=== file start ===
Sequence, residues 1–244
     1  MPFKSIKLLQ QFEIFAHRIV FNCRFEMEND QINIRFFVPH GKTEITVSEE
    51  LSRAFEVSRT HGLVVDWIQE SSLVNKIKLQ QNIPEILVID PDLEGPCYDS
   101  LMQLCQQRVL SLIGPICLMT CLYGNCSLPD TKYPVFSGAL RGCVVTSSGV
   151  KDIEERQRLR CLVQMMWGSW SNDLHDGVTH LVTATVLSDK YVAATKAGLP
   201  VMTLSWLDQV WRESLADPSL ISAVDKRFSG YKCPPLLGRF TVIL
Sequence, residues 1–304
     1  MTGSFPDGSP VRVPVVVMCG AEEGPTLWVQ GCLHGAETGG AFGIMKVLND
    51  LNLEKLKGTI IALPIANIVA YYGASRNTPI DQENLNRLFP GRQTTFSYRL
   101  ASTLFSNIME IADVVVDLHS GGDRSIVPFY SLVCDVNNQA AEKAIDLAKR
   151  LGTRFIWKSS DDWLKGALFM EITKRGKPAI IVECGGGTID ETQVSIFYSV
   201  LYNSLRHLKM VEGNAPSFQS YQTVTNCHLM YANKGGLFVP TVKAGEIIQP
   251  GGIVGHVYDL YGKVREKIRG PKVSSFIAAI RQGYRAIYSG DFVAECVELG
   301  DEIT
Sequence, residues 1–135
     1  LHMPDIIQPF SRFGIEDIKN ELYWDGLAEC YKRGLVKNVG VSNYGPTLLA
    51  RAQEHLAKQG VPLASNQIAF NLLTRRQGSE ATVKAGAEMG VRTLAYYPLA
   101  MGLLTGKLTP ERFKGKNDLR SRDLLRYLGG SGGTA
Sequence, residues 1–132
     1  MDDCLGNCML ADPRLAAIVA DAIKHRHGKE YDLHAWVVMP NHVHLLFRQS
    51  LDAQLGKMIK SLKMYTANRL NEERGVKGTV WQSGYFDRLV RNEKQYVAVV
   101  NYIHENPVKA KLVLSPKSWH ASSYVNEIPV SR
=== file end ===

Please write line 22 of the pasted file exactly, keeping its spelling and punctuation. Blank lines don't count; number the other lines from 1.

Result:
   101  NYIHENPVKA KLVLSPKSWH ASSYVNEIPV SR